Abstract: Lord Elgin and the Parthenon Marbles: Two Hundred Years of Controversy
Thomas Bruce, the seventh Earl of Elgin, who had been appointed the English ambassador to the Ottoman court, was responsible for the removal of many of the sculpted statues and reliefs from the Parthenon. Lord Elgin’s purpose was to enlighten European culture by bringing to London examples of the best sculpture from Athens, the birthplace of the Classical style in the fifth-century BC. In the early nineteenth century few people had the opportunity to see the remains of ancient Athens in person, because Greece was under the domination of the Turks, and was therefore still terra incognita. Although his original intent was not to remove, but to study the Parthenon marbles, Elgin did become zealous in seeking to acquire the sculpture. In part, his motivation was spurred on by the knowledge that Napoleon’s agents were also actively seeking to acquire the marbles. Elgin’s zeal—along with well-placed bribes—allowed his own agents to proceed beyond the original limits of his permit granted by the Turkish authorities. Regardless of his motivations, Elgin’s despoiling of the Parthenon has stirred up a modern-day controversy concerning the legalities of his actions.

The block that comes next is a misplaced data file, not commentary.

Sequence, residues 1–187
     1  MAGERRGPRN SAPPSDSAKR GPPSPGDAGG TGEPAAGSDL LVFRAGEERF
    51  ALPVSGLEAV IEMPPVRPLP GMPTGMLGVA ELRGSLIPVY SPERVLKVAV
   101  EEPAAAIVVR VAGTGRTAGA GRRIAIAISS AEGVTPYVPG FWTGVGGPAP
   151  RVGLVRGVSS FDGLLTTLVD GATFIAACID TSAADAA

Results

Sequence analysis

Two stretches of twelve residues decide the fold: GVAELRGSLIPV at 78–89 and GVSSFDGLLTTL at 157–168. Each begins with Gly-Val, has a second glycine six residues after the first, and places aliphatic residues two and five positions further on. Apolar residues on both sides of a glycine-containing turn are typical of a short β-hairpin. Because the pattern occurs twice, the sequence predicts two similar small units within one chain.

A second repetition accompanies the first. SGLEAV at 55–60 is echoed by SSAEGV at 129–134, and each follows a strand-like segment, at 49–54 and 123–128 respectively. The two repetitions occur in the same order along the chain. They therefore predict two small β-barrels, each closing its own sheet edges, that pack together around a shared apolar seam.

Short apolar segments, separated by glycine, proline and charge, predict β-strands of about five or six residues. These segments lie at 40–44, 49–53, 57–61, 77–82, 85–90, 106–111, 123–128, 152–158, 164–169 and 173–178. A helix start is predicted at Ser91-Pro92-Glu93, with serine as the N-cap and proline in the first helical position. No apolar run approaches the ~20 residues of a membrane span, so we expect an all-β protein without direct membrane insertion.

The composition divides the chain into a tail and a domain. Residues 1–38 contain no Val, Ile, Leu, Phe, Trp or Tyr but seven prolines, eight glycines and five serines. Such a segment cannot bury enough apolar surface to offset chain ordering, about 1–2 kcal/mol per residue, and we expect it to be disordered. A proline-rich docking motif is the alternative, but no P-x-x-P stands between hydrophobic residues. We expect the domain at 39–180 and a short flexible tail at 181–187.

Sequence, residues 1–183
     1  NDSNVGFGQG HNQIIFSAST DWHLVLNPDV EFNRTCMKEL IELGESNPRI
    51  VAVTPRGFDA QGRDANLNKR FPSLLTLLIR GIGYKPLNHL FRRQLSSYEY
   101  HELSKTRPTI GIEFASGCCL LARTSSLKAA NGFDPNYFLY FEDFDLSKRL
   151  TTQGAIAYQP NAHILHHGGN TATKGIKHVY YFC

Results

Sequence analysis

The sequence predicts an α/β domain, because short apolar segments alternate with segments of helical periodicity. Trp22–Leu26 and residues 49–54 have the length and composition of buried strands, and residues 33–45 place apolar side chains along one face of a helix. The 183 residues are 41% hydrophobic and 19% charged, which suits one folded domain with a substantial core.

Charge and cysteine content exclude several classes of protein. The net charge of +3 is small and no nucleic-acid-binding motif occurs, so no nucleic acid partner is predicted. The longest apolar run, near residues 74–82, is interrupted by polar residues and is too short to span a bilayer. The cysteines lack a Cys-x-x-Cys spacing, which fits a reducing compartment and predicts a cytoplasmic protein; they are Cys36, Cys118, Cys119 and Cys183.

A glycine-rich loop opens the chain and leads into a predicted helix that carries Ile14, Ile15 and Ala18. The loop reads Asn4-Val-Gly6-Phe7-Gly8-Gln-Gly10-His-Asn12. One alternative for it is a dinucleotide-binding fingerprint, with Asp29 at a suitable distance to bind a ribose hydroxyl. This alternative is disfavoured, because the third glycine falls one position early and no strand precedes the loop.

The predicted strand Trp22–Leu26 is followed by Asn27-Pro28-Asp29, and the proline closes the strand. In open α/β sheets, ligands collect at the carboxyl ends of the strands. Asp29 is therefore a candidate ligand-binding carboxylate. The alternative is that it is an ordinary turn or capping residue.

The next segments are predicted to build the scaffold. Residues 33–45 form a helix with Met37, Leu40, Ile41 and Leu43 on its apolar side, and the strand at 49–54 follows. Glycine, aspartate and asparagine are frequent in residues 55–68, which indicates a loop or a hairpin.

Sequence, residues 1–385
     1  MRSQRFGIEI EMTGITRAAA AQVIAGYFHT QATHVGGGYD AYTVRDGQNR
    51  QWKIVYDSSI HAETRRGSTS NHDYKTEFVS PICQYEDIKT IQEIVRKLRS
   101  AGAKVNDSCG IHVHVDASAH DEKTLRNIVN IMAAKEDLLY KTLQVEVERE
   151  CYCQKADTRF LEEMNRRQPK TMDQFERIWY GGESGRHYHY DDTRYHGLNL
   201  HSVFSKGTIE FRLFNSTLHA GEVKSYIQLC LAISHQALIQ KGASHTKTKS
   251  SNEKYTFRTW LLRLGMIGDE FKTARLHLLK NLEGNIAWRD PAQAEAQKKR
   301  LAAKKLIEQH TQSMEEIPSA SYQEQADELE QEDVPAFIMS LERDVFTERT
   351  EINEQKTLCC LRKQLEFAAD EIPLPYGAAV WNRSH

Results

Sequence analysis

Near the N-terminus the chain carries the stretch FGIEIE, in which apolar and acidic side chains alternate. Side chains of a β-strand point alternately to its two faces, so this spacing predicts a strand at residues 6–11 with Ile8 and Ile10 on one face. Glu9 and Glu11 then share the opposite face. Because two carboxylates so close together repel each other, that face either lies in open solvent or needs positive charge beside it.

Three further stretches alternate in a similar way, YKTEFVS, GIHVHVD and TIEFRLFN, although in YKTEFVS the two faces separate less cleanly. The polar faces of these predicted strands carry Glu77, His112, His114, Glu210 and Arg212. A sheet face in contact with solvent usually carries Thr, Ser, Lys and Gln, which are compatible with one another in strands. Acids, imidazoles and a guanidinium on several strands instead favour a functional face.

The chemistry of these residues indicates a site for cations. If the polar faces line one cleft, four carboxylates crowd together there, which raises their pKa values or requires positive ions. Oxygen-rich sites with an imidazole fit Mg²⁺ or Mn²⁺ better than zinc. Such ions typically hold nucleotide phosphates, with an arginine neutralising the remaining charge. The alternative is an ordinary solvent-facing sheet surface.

This lecture explores the personal life and troubled career of Lord Elgin, the activities in Athens, the prominent role his wife, Lady Nesbit, played in the affair, and the controversy spurred by his actions over the legal ownership of the marbles. Also Dr. Hoff will outline the state of current discussions of both the Greek government and the British Museum, the home of the Marbles since the early 19th century, in the continuing saga of their ownership.